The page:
Photography by Octavio Rivadeneyra / Galeria Karen Huber
We Can’t Make You Younger
Mixing painting with the written word 'We Can't Make You Younger' shines new light on the queer experience.
Manuel Solano is a multidisciplinary artist whose first solo show at Museo Carrillo Gil opened last year, in Mexico City. The exhibition consisted of mostly paintings from their series Blind Transgender with AIDS, made shortly after he lost his eyesight in 2014 due to HIV-related complications. (Solano has identified as both transgender and nonbinary, but uses masculine pronouns). “The impression I have is that I was left for dead,” he told writer Benoît Loiseau in GAYLETTER Issue 7.
“We Can’t Make You Younger” marks the first collaboration between the Mexico City writer and artist. The collection includes three short stories written by Loiseau with accompanying artwork by Solano who was recently selected to show in the New Museum’s 2018 Triennial. The stories are simply and directly written, and when matched with Solano’s gestural, immediate painting style, create a collection that is stunningly powerful, and quietly haunting.
“The stories deal with fundamental issues, including loss, sexuality, romantic attachment, and so called spirituality,” writes Chris Sharp in the foreword. Simply put, this collaboration is beautiful synergy of the queer and the relatable: striking images and poignant stories that both delight and devastate with their quotidian and universally resonant content that ranges from Michael Stipe to a not-so-friendly queer cabaret performer.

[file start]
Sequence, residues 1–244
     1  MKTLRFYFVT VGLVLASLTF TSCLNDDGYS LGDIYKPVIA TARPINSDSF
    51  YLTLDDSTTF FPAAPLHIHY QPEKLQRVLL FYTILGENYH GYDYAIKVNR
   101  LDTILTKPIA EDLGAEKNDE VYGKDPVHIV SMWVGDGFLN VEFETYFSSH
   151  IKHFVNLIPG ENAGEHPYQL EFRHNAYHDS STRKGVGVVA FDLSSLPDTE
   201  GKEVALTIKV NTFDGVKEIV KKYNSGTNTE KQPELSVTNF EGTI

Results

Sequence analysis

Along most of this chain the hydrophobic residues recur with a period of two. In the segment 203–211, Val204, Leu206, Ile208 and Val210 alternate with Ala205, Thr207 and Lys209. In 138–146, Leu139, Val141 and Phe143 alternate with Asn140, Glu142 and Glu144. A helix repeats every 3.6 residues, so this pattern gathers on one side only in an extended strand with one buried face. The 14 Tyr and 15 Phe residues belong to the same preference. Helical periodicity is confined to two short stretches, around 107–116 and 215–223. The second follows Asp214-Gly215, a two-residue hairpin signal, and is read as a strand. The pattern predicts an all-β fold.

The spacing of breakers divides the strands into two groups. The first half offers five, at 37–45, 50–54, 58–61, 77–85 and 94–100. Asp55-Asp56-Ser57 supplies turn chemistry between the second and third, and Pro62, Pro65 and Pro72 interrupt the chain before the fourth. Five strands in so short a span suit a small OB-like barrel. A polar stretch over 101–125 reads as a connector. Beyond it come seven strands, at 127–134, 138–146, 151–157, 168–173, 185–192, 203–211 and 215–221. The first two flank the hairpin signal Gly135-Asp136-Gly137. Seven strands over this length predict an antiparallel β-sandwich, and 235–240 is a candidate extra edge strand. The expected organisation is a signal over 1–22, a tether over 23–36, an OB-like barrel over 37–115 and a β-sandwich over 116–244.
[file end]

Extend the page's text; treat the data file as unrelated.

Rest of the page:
Loiseau is a Belgian author, but is currently based between London and Mexico City. His stories are blunt and are unconcerned with lyricism, but are focused on the complexity of queer desire and existence. “We Can’t Make You Younger” debuted in tandem with Solano’s recent solo show at Karen Huber Gallery. The collection includes three original short stories: the first, about the death of a mother who wishes for a proper Hawaiian burial ; the second, about two strangers and an unwanted sexual advance (which, in the light of recent sexual-assault news, reads all too recognizable), and the last: about the uncertainty surrounding the fallout after a breakup.
The stories feel universal because of the character’s humanity. Any reader can recognize themselves in Loiseau’s world. The characters are as crackling and exciting as a new lover, but as brutal and curt as a door slammed in your face. Solano’s work champions these stories with a nod to flamboyance. The paintings, done mostly on paper, are a celebration of queerness that is entirely their own.
As both a title and a whole work, “We Can’t Make You Younger,” is perfectly apt because it conjures the spirit of that which we already know, yet don’t necessarily want to accept. It’s the inevitability of life and all that it throws at you, ranging from one’s highest high to the lowest low. These stories are “blessedly devoid of the righteous, chest-beating evangelism to which some art is given,” and it is unlikely that Loiseau’s stories or Solano’s paintings are going to save you, “but I am confident they will both lighten and deepen the general ordeal and magic of living,” Sharp writes, “if you let them.”